Yes, they very much continue today in cities in the US, Europe, and Australia. The schedule is always on our website. Dharma Dialogues grew out of my having been invited to teach with Ram Dass at a number of his retreats in 1992/93. I had never thought of teaching but when Ram Dass asked me to join him at a retreat for that purpose, I found that I loved sharing in that way.

While many religions and philosophies represent belief systems that are subjective and therefore not necessarily "real", what is your view on science, which is largely based on theories and hypotheses?

I am a big fan of science and find some of the most interesting views of reality coming from that domain rather than from religion. Science also has the benefit of applying the rigorous method for proving, or at least accepting as working hypotheses, that requires experiments to be done repetitively and by different people in different places with the same results before they are accepted by the community at large. This is at total variance with religion which relies instead on faith and belief.

In order to survive as human beings, must we opt for some kind of belief system? Or can we live without one?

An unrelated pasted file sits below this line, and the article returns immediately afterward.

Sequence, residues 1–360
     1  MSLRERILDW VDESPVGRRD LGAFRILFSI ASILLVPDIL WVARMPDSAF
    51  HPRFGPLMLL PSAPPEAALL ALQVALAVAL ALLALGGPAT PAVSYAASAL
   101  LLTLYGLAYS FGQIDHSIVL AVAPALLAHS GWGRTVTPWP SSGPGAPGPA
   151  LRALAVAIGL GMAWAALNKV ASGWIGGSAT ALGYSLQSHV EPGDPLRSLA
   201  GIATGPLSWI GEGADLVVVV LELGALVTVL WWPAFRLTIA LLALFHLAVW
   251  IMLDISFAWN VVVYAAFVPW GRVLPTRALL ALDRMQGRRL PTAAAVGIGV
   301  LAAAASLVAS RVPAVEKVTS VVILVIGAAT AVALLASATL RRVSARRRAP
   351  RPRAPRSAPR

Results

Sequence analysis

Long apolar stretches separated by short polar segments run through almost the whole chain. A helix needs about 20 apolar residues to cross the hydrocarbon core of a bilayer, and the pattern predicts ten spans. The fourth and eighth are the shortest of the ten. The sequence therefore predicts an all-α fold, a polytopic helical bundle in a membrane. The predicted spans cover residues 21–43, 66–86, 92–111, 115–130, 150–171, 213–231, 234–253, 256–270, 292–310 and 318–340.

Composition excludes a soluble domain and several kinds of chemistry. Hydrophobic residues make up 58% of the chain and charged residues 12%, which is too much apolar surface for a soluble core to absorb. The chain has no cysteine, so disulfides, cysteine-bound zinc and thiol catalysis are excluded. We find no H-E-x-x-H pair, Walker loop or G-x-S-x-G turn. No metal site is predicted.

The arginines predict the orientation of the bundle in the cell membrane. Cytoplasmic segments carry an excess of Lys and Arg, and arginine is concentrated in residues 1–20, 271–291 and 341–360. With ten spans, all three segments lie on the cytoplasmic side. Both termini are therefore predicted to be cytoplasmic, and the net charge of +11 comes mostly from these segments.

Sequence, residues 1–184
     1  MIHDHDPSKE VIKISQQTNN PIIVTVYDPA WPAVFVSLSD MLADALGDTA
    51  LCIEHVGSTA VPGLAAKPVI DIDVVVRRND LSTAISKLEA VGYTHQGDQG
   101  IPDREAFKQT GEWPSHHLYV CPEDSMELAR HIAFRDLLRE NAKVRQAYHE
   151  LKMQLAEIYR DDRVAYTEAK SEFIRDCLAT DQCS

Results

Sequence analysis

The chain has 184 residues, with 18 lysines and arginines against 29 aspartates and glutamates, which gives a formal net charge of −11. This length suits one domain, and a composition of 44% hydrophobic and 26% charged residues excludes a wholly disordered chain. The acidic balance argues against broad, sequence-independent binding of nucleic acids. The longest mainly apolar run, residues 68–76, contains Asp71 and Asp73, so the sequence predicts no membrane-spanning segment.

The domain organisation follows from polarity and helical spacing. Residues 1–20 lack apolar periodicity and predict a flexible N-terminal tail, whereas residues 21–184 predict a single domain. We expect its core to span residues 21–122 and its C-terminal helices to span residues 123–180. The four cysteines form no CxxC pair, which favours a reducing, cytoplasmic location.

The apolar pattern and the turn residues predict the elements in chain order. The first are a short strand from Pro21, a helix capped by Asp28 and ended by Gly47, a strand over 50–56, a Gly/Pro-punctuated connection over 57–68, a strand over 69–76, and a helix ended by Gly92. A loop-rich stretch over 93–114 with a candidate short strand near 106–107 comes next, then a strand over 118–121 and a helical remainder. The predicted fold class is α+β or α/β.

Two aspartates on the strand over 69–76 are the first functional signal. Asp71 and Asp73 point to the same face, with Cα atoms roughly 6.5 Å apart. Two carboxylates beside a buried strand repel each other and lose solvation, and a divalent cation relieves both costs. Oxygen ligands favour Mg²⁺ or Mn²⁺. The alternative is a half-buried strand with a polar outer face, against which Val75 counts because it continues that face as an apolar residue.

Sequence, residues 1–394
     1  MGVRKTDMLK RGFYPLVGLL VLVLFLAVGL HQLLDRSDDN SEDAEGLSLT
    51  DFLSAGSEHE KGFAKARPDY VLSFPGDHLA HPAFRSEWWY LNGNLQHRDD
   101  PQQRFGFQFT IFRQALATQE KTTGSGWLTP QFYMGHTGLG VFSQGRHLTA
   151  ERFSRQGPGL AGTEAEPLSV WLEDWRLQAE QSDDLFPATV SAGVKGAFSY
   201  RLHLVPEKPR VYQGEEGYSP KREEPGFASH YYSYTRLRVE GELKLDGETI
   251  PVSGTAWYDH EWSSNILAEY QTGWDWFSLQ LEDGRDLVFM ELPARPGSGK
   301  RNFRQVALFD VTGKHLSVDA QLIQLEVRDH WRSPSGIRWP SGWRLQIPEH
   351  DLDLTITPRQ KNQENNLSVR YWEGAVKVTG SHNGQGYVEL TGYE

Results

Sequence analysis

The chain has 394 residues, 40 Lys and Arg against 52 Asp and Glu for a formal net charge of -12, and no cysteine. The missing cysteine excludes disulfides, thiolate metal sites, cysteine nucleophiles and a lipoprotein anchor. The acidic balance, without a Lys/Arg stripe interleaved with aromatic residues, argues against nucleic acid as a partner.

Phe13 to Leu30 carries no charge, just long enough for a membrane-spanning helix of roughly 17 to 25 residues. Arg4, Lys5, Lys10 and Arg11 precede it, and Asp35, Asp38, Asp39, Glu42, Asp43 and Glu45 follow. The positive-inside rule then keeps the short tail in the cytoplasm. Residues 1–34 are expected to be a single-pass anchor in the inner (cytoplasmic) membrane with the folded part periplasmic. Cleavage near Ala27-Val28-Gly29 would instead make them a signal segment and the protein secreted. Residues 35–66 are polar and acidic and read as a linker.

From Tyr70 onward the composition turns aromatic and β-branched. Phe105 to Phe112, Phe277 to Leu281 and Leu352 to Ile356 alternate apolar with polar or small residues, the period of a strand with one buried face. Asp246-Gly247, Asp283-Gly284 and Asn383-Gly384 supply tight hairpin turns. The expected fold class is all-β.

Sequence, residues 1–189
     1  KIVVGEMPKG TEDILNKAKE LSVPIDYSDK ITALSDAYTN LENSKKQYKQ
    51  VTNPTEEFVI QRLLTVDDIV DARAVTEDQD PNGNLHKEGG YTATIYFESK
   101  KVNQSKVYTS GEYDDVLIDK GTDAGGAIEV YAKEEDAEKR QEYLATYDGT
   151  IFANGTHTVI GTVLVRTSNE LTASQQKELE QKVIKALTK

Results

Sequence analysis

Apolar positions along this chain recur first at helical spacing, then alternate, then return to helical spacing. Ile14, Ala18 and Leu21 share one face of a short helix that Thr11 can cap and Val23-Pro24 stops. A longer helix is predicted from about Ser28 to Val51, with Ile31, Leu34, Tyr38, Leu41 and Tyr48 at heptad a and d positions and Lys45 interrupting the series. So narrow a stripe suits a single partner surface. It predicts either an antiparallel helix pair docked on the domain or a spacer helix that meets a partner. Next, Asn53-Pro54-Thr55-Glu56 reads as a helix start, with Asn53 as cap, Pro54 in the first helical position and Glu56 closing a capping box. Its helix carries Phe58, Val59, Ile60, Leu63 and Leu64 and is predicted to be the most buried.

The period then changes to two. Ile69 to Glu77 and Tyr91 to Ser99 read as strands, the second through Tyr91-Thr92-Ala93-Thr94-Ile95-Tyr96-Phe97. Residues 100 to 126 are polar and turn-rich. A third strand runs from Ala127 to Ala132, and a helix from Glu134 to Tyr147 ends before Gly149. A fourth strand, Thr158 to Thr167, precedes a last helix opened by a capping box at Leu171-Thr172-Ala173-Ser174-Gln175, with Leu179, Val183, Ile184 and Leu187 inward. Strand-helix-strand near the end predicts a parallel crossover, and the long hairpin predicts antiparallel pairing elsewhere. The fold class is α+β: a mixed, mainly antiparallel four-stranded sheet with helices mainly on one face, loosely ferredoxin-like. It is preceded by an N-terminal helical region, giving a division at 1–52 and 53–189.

I feel that it is the belief systems that are threatening our survival. Most of the blood spilled in history and even today is due to belief systems, primarily religious in nature. We can live very well without belief systems and rely instead on our own direct experience.

Your book is beautifully written, and very well articulated. Do you think it is primarily for people already on a conscious spiritual path, or can one attain these qualities of awakened awareness without having had a certain amount of personal experience searching for meaning and self-discovery?

The seven qualities of awakened awareness are inherent in everyone. The recognition of them does not require any attainment at all. Qualities such as tenderness, embodiment, delight, wonder, and so on are not some special domain of so-called spiritual people. They are qualities that exist in us when we are relaxed and at ease in our own skin. The book is simply a reminder of them and serves as an experiential celebration of what we already know in our heart of hearts but sometimes forget.